A TRACK ACROSS THE VOID
Honouring the legacy of Akinobu Kishi, 1949 – 2012.
A short appreciation
Akinobu Kishi is the founder of contemporary Seiki. When I met him we were both in our early thirties. I wanted to learn more about shiatsu and he had a certain reputation. Actually, he seemed an unlikely sort of teacher, and I was reluctant to see him or anyone else as a “master” at that stage. Still, he had great authenticity and, despite a quiet shyness, bags of charisma. I decided quite spontaneously to study with him and joined a small group of European students on what was for me a life changing journey to Japan. He proved a generous host and led his group into the deep mountainous countryside near Kyoto and the little known world of original Japanese Shinto. We engaged in simple but rigorous practices, visited obscure shrines and famous sites, participated in rites and ceremonies and drank plenty of sake and beer.
Seeds were planted that only slowly grew in significance, but which came to occupy a central place in my understanding of what Shiatsu essentially was, or wasn’t; a gentle light now illumined the path of my own further investigations in the field of the Eastern Therapies. I had the great fortune to know Kishi, and so accompany him in the work as he developed it, over the next three decades. He was always unassuming but, I now believe, a great master of the healing art.
On the 23rd of October, 2012, following a short and sudden illness, Kishi died peacefully at home in Maebashi, Japan. He left a legacy almost ephemeral in character, yet nonetheless of lasting importance for the understanding and development of Shiatsu in today’s society. For nigh on half a century he had dedicated his life not only to healing but to finding ways to understand and facilitate natural healing as a conscious experience.
He developed, in the process, a unique approach that somehow wove the sensibilities of Japanese traditional art and culture into a profoundly simple therapeutic practice for our post-modern age.
Kishi learned his shiatsu formally with the two great masters of the Japanese post-war era, Namikoshi, and Masunaga, graduating at the “official school” of the former and going on to further studies with Masunaga, whom he then accompanied as an assistant for ten years. Assimilating all this experience, he soon became a successful practitioner and teacher in his own right. Nonetheless, he had many doubts as to the real nature of the healing process and, following a crucial period of retreat and personal transformation immersed in traditional Shinto practices, he went on to develop his own unique way of treatment which he called Seiki-Soho.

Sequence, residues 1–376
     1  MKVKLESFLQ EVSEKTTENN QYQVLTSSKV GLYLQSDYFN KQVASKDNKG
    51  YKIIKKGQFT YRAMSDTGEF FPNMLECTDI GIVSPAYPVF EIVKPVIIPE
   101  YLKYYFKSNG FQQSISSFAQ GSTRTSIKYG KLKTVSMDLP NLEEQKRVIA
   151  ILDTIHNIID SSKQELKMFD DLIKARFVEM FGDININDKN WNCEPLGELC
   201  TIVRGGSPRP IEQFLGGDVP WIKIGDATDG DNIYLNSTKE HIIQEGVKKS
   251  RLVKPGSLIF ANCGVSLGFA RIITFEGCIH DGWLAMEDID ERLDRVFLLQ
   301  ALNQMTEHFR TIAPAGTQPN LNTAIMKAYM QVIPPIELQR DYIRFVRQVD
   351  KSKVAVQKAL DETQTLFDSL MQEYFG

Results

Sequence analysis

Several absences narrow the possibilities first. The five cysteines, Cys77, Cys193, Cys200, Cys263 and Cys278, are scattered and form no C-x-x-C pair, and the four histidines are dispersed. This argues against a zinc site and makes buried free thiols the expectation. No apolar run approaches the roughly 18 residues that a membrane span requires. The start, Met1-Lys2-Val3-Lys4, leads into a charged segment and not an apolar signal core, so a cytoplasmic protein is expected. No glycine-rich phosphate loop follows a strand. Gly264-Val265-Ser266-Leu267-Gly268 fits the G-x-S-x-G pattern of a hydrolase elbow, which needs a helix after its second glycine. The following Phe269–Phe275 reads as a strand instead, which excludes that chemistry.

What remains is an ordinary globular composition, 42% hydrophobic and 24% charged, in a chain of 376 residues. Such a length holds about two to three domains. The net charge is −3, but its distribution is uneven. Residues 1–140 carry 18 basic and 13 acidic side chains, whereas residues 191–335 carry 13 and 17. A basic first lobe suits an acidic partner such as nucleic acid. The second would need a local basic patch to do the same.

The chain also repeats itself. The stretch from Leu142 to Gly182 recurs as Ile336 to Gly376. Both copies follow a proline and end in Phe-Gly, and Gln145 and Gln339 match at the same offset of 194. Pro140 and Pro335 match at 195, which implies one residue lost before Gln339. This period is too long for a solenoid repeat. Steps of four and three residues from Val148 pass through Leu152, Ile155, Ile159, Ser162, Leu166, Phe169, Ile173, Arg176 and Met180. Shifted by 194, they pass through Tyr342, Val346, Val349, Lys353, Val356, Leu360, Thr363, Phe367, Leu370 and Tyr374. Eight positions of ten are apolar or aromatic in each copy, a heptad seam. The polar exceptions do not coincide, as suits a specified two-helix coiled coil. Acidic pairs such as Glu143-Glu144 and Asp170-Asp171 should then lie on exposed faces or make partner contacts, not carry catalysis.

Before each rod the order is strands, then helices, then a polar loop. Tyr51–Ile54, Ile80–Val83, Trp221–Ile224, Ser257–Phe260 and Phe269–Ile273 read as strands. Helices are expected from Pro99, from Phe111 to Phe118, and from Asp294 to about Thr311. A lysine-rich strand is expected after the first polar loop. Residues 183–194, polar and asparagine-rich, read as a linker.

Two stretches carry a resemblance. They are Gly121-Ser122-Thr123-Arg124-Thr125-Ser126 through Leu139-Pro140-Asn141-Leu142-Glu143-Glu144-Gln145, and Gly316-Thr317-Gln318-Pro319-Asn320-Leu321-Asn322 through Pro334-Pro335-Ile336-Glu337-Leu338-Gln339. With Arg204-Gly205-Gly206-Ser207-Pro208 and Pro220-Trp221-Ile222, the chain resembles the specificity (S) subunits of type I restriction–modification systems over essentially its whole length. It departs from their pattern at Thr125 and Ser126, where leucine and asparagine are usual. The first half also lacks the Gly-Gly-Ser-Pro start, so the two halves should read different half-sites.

Characterised by simple contact and uncompromising attention, this approach supports a more open and trusting state in which both parties, the giver and the receiver, can experience through “interior resonance” the subtle, self-harmonizing life-movement process.
For more than thirty years Kishi devoted himself to presenting his approach to the wider world. Through a life of travel, mainly between Japan and Europe, and an endless series of workshops and longer courses, he tapped the deeper streams of Japanese culture to share his insights into therapy and the human condition, attracting not only shiatsu practitioners but people from many other disciplines. He no longer saw himself as a teacher, but as a researcher and investigator into life, in both its natural and cultural manifestations. Eschewing all conventional methods, he simply showed, by patient transmission and example, a way that encouraged people to become more sensitive and to seek and experience for themselves the pathways to health and happiness.
In Shiatsu, he was sometimes seen as a controversial figure. He was often challenging and could shake up overly serious ideas with his quietly mischievous humour. Yet he always honoured Namikoshi and Masunaga, his original masters, and through his own work evoked their essential qualities – the caring hands of the one and the deeply enquiring mind of the other. Beyond that Kishi offered only a selfless presence, reflecting in each moment a commitment to finding and following one’s own way. He showed that this was possible, and his great contribution to Shiatsu was that it could be communicated through touch. PL.